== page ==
1946 – Mound Metalcraft changes its name to Tonka Toys Inc.

1955 – Mary Loretta Landrieu born, American politician; U.S. Democratic Senator from Louisiana (1997-2015); Chair of the Senate Small Business Committee (2009-2014); State Treasurer of Louisiana (1987-1996); currently, a senior policy adviser for a Washington DC law firm

1961 – Dominican Republic changes capital’s name Ciudad Trujillo to Santo Domingo

1963 – The BBC broadcasts An Unearthly Child, first episode of the science-fiction television serial of the same name, and the first episode of Doctor Who, now the world’s longest-running science fiction drama

1963 – Gwynne Shotwell born, American businesswoman and mechanical engineer with an additional degree in applied mathematics; President and CEO of SpaceX, a U.S. space transportation company, which she joined in 2002; worked for Microcosm Inc (1998-2002) as director of the space systems division; did technical work on military space research and development, and thermal analysis at Aerospace Corporation (1988 -1998)

1965 – Jennifer Michael Hecht born, American historian, author, and poet; The End of the Soul: Scientific Modernity, Atheism, and Anthropology in France, 1876-1936

1968 – Kirsty Young born, Scottish television and radio presenter, best known as one of the original newsreaders of 5 News on Channel 5 (1997-2007), and as the presenter of the BBC series, Crimewatch (2008-2015)

1970 – United American Indians of New England organize a National Day of Mourning for Native Americans, held annually on Thanksgiving

1970 – George Harrison’s “My Sweet Lord” is released in the U.S.

1971 – The People’s Republic of China first seated on UN Security Council

1972 –The musical “Pippin” opens at the Imperial Theater on Broadway

1976 – Apneist Jacques Mayol is the first man to reach the depth of 100 meters (330 feet) undersea without breathing equipment

1979 – In Dublin, Ireland, Thomas McMahon is sentenced to life imprisonment for the assassination of Earl Mountbatten

1981 – Ronald Reagan signs the top secret National Security Decision Directive 17 (NSDD-17), giving the CIA authority to recruit and support Contra rebels in Nicaragua

1986 – In Manila, Philippine president Corazon Aquino dismisses Defense Minister Enrile after discovering officers loyal to him plan a coup. All 25 members of her cabinet tender their resignations, and she will decide which ones to accept in the following week

1992 – IBM introduces the first smartphone, Simon, at the Las Vegas NV COMDEX

1993 – Rachel Whiteread wins both the £20,000 Turner Prize for Best British Modern Artist and the £40,000 K Foundation art award for the Worst Artist of the Year. She originally refused the K Foundation prize, but when told that the money would otherwise be burnt, she relented, and accepted the prize, then donated some of the prize money to a housing charity

One Hundred Spaces, by Rachel Whiteread

1998 – The tobacco industry signs the biggest U.S. civil settlement, a $206-billion deal to resolve remaining state claims for treating sick smokers

1998 – A U.S. federal judge rejects a Virginia county’s effort to block pornography on library computers, calling the attempt unconstitutional

2001 – The Convention on Cybercrime is signed in Budapest, Hungary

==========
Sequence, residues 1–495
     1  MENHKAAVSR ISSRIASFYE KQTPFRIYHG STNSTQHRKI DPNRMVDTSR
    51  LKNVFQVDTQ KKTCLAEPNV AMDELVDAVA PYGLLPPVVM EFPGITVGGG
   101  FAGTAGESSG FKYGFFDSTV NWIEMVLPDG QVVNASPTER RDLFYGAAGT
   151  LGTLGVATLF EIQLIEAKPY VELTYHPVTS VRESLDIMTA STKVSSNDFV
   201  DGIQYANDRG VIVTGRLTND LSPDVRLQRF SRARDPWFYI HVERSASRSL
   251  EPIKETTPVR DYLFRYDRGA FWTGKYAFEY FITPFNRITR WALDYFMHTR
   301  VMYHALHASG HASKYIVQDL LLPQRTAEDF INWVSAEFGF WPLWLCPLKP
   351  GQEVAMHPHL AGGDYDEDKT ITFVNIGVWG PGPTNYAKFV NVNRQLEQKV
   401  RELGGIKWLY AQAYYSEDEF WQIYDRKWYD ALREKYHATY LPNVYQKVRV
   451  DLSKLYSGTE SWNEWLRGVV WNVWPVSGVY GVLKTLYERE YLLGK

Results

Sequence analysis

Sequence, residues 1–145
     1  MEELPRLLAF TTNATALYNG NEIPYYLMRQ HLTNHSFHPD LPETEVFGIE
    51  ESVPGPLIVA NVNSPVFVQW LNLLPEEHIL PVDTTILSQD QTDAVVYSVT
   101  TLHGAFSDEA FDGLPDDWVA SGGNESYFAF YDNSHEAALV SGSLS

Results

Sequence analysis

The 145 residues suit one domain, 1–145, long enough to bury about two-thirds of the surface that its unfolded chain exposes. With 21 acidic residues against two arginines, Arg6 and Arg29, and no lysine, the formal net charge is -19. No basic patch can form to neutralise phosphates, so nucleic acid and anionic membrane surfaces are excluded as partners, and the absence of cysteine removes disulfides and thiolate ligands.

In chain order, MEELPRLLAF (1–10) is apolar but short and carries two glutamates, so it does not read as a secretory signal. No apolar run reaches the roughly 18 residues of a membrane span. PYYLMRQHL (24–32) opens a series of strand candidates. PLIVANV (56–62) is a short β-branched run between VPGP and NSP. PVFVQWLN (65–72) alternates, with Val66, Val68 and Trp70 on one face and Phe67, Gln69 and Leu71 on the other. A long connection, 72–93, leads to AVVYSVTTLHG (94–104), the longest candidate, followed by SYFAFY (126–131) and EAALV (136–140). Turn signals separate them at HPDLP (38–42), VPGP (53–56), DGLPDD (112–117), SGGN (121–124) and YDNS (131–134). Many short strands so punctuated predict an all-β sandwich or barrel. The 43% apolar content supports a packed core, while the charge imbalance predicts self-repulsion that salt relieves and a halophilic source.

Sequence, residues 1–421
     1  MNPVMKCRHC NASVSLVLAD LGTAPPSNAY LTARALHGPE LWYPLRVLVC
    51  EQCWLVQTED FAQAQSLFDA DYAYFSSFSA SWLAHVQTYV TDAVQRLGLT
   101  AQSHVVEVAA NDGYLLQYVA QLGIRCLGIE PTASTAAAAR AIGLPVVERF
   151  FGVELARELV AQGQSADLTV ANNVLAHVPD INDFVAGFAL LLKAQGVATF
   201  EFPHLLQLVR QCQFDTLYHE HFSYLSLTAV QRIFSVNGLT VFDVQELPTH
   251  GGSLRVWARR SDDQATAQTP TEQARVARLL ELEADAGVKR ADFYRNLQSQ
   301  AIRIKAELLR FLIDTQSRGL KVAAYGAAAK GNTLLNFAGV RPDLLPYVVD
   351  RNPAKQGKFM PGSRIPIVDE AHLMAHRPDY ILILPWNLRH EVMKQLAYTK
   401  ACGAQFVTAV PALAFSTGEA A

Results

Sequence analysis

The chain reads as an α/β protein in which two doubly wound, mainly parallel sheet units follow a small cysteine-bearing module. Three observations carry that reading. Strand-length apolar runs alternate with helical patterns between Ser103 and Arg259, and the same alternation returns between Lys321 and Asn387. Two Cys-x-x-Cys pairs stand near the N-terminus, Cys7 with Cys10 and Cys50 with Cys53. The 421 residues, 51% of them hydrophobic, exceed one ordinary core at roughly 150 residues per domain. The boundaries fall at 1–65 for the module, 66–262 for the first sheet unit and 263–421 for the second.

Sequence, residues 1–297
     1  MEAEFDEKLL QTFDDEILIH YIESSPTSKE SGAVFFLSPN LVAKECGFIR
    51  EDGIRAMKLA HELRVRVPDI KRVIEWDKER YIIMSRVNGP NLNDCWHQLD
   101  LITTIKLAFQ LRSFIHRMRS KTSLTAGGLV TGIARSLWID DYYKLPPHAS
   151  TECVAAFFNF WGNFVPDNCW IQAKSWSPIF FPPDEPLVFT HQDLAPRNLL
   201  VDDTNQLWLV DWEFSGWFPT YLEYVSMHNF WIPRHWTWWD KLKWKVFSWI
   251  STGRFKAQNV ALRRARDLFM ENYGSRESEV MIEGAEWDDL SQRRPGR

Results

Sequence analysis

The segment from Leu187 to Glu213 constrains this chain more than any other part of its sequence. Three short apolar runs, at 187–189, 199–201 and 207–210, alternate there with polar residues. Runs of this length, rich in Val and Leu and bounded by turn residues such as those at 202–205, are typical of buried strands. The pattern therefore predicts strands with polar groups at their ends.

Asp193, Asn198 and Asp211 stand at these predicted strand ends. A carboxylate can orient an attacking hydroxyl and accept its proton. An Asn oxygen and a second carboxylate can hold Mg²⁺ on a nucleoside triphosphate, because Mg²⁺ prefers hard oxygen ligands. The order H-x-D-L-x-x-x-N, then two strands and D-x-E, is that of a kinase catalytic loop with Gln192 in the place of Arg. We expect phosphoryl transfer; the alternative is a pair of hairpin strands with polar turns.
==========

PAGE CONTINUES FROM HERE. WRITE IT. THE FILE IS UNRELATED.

2005 – Ellen Johnson Sirleaf elected as President of Liberia, the first black woman to be elected as a head of state

2007 – Legislation is introduced by California Congressman Joe Baca to designate the Friday after Thanksgiving as Native American Heritage Day *, to pay tribute to Native Americans for their many contributions to the U.S. After some modifications, the bill  passed, and President Bush signed it into law in 2008. It is somewhat controversial among some Native Americans, because it coincides with ‘Black Friday’ –“a day of greed and aggressive capitalism”     

2011 – Arab Spring: After 11 months of protests in Yemen, President Ali Abdullah Saleh signs a transfer of power to the vice president, in exchange for legal immunity

2014 – The first International Thespian Day * (see entry for 534 BC)

2015 – Blue Origin’s New Shepard space vehicle is the first rocket to fly to space and then return to Earth in a controlled, vertical landing

2017 – Sudanese President Omar al-Bashir, wanted by the International Criminal Court (ICC) for allegations of genocide and war crimes, asks Russian President Vladimir Putin for increased military ties and protection against the U.S. during his first visit to Russia as President. Putin agrees to increase their countries’ economic ties. Omar al-Bashir came to power by leading a military coup which overthrew the democratically elected government of Prime Minister Sadiq al-Mahdi in 1989. In 2009, he became the first sitting president to be indicted by the ICC, accused of directing a campaign of mass killing, rape and pillage against civilians in Darfur


About wordcloud9

Nona Blyth Cloud has lived and worked in the Los Angeles area for over 50 years, spending much of that time commuting on the 405 Freeway. After Hollywood failed to appreciate her genius for acting and directing, she began a second career managing non-profits, from which she has retired. Nona has now resumed writing whatever comes into her head, instead of reports and pleas for funding. She lives in a small house overrun by books with her wonderful husband.